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An estimated 750,000 people use inhalants for the first time every year, and more than 22 million Americans ages 12 and up have gotten high off inhalant products. The prevalence is enough that inhalant abuse was once dubbed “the forgotten epidemic.” Inhalants refer to a vast number of substances and products, far too many to list. Common examples include:

    • Glue
    • Toluene
    • Gasoline
    • Shoe polish
    • Lighter fluid
    • Spray paints
    • Cleaning products

And alongside chemicals commonly abused for their psychoactive effects, such as nitrite vasodilators (medication for heart disease) and nitrous oxide (laughing gas). In general, anything that produces intoxicating (and usually dangerous) fumes can be misused for a high, often to the severe detriment of the user’s health and safety. Despite their prevalence and massive long-term health risks, inhalant abuse is not particularly well-covered nor researched. But it remains a significant risk to teens not aware of the dangers of what might seem like a harmless high.

How Are Inhalants Abused?

Inhalants are chemicals that produce intoxicating vapors, usually poured on a rag or inhaled directly from the product’s packaging. These chemicals become gaseous through volatilization or are stored in a compressed liquid form and sprayed. Drugs that must be heated or burned first are not generally considered inhalants.

Because the highs are short-lived, inhalant abuse is often recognized through repeated and frequent inhalant use, despite short-term and long-term physical and mental health consequences. They are cheap and easy to procure, available at nearly any hardware store or dollar store, or even sold online. This has made them the drug of choice for young teens who do not have the means to take other drugs, and they are ubiquitous among homeless children.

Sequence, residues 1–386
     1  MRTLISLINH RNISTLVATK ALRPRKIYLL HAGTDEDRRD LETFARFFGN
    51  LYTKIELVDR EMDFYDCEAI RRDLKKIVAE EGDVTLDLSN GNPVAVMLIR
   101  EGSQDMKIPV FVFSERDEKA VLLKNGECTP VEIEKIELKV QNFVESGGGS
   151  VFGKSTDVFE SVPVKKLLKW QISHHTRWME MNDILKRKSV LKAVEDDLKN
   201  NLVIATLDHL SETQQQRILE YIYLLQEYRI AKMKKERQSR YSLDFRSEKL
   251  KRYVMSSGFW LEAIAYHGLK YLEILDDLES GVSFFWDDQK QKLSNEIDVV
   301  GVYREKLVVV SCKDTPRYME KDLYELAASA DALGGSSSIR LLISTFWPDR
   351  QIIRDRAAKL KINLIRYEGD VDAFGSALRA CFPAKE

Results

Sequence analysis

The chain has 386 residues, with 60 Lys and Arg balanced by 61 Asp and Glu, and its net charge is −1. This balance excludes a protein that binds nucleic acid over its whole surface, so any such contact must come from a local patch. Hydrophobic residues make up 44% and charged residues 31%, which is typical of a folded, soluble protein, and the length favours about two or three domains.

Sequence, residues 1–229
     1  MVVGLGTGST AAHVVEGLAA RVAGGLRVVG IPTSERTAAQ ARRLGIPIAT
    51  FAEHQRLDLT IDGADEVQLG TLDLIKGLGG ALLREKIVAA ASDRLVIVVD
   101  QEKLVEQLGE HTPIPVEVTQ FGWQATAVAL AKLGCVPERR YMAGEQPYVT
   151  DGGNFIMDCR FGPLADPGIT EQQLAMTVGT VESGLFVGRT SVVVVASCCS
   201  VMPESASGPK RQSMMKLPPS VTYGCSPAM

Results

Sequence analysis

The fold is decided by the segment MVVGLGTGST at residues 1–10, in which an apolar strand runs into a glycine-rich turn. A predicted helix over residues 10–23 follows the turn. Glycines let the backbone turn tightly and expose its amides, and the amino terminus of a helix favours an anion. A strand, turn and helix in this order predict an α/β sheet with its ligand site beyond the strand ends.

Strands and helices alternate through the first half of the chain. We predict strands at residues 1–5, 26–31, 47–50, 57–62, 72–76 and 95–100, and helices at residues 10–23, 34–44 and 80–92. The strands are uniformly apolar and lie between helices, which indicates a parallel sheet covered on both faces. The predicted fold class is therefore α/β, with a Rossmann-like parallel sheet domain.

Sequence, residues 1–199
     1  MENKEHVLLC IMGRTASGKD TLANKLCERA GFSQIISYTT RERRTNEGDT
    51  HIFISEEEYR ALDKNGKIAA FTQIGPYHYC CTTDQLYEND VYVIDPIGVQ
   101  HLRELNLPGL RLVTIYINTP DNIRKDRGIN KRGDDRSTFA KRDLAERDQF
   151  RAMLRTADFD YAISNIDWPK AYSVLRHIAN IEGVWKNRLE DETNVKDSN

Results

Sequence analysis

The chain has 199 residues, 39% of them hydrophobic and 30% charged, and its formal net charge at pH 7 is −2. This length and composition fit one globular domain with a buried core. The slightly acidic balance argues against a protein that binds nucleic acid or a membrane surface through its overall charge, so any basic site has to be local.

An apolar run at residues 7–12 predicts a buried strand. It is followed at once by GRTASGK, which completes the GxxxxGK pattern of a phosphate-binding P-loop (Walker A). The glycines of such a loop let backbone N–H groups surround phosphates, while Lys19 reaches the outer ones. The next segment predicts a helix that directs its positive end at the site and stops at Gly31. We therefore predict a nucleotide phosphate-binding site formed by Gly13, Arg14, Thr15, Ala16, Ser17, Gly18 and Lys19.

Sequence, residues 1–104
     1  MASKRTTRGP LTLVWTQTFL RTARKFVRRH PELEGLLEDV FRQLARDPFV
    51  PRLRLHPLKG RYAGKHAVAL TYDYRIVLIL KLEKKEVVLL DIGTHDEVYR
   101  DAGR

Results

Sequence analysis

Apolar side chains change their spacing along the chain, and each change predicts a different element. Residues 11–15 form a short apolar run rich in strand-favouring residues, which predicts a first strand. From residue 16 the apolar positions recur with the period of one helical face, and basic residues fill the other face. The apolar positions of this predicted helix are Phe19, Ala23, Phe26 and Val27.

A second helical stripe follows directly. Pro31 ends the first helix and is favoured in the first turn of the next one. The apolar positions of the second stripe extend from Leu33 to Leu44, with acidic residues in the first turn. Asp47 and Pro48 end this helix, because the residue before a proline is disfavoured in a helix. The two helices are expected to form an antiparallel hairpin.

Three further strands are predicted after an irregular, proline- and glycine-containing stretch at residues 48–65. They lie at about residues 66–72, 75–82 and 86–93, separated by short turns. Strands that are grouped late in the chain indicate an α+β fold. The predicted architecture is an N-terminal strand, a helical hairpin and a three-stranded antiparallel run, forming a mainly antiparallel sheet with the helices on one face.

Why Are These Household Products Addictive?

Most inhalants are not illegal or strictly dangerous when used properly – but their inhalation causes short-term intoxication, which can be addictive. Alongside an alcohol-like drunken state, inhalants can induce hallucinations, euphoria, and sleep. The active societal dangers of long-term inhalant abuse remain generally unknown to us, as many inhalant use deaths are attributed to strokes or heart attacks. Inhalant use has also caused death by an automobile accident and pneumonia, frostbite in the throat, and brain damage through lack of oxygen.

Commonly Abused Inhalants and Chemicals

The list of products that can be abused as inhalants is too long to compile here, but inhalants can generally be broken down into four distinct and recognizable categories.


Solvents are volatile chemicals that vaporize at room temperature. Solvents commonly used as an addictive drug include:

    • Glue
    • Gasoline
    • Lighter fluid
    • Felt-tip markers
    • Dry-cleaning fluids
    • Nail polish removers
    • Correction fluid (white ink)
    • Electronic contact cleaners
    • Paint thinners and removers


Gases include inhalants that are already stored in a gaseous form or are compressed then sprayed in a gaseous form. Misused inhalant gases include:

    • Butane
    • Propane
    • Anesthetic gases (chloroform, ether)


Aerosol cans can be used as inhalants for their nitrous oxide or the contents of the can (spray paint). Products commonly misused as aerosol inhalants include: